Home “Eco”nomics — Should You Buy New Appliances?

Senior couple shopping for new appliances

When you’re trying to live a greener life, buying more efficient home appliances may seem like an obvious choice. But not so fast. The financial and environmental gains of upgrading home appliances don’t always pay for themselves.

You might want to question whether you actually need an appliance in the first place. And while it’s true that newer appliances can be more efficient than older ones, don’t forget that a lot of energy and materials go into the manufacture of a new appliance. Many old appliances don’t get recycled, which creates a waste problem and further reduces any efficiency gains.

So when should you upgrade to a more efficient appliance? The answer is not always simple, but here are some considerations to help you decide.

Do You Need It?

Even the greenest appliances still use electricity, and many use water as well. Consider carefully whether you truly need a deep freeze or second refrigerator in the garage.

Whole-house air conditioning should always be a last resort; strategic shading and insulation, opening windows and using fans, and window units are all greener options. Depending on your circumstances, you might even be able to do without a washer and dryer or get by with a foot-powered washing machine.

But you don’t need to become a Luddite in the quest to eco-consciousness. Modern, energy-efficient dishwashers, and even some clothes washers, use less water and electricity than handwashing.

Should You Replace It?

As a general rule of thumb, it is more environmentally responsible to continue using things for as long as possible before replacing them. This ensures that over the long run, fewer resources are consumed manufacturing new items, and less waste is generated (since few products are ever 100% recyclable).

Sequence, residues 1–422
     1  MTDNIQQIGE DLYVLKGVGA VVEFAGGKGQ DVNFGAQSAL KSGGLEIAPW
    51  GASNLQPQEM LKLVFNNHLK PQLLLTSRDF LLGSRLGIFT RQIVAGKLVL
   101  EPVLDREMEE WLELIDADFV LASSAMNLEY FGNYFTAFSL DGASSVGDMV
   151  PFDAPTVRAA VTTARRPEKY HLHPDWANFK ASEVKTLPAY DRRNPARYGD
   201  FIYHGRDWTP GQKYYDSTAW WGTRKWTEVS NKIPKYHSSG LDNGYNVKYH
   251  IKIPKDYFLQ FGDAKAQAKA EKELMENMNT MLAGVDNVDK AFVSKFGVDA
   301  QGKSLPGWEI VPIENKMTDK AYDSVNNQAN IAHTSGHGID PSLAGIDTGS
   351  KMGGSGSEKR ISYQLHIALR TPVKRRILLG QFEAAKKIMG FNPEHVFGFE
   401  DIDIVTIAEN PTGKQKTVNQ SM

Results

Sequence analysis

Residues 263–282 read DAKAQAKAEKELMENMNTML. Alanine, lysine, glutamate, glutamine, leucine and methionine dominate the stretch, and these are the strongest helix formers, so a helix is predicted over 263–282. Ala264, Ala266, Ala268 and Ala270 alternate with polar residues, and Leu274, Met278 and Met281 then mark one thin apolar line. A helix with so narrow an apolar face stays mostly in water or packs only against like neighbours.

So as long as your appliances are functioning well, or if they are still under warranty or only require small repairs, your money might be better spent on other efficiency measures.

There may be times when it makes sense to replace a functional appliance. Clothes washers made before 1999 are significantly less efficient, and if you have a top-load washer from any year, switching to a front-load machine could use 50 percent less water and 37 percent less energy. There is a savings calculator for Energy Star refrigerators. And for most appliances, the EPA website suggests replacement after 10 years (one exception could be your clothes dryer, as these have not changed significantly in the last decade).

Replacing the Right Way

When it’s really time to replace an appliance that you can’t live without, make sure fixing one problem doesn’t make another one worse. Don’t add your old appliances to a landfill, either by your own decision or a failure to recycle by the delivery firm or contractor who installs it. Ask retailers if they participate in an appliance take-back program. If they do, ask whether the appliances they take back are recycled. The EPA’s voluntary Responsible Appliance Disposal (RAD) program promotes environmentally responsible disposal of refrigerated household appliances to reduce emissions of ozone-depleting greenhouse gases.

A bigger-is-better consumer culture ensures that there are plenty of bell-and-whistle-loaded energy hogs on the appliance market, so shop carefully. At a minimum, any new appliance you buy should be Energy Star rated.

Even within the Energy Star system, appliance efficiency can vary quite a bit. We’ve identified the most efficient options for dishwashers, routers, and toilets. For other appliances, look for the Energy Star Most Efficient label, which recognizes products that deliver cutting-edge energy efficiency. Make your purchase more economically efficient with municipal appliance rebates.

Most energy and water information about new appliances compares the product to an average unit, which will overstate the benefit for people who already buy green. So when you buy your new highly efficient appliance, keep a record of its efficiency rating in your files. Then, 10 years from now when you’re trying to decide whether to upgrade, you will know exactly how much of an improvement you can expect.

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